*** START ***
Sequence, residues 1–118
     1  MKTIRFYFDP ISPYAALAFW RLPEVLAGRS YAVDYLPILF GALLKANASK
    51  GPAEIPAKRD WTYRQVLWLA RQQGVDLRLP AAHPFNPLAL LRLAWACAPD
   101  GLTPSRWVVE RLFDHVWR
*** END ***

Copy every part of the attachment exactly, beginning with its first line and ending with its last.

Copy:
Sequence, residues 1–118
     1  MKTIRFYFDP ISPYAALAFW RLPEVLAGRS YAVDYLPILF GALLKANASK
    51  GPAEIPAKRD WTYRQVLWLA RQQGVDLRLP AAHPFNPLAL LRLAWACAPD
   101  GLTPSRWVVE RLFDHVWR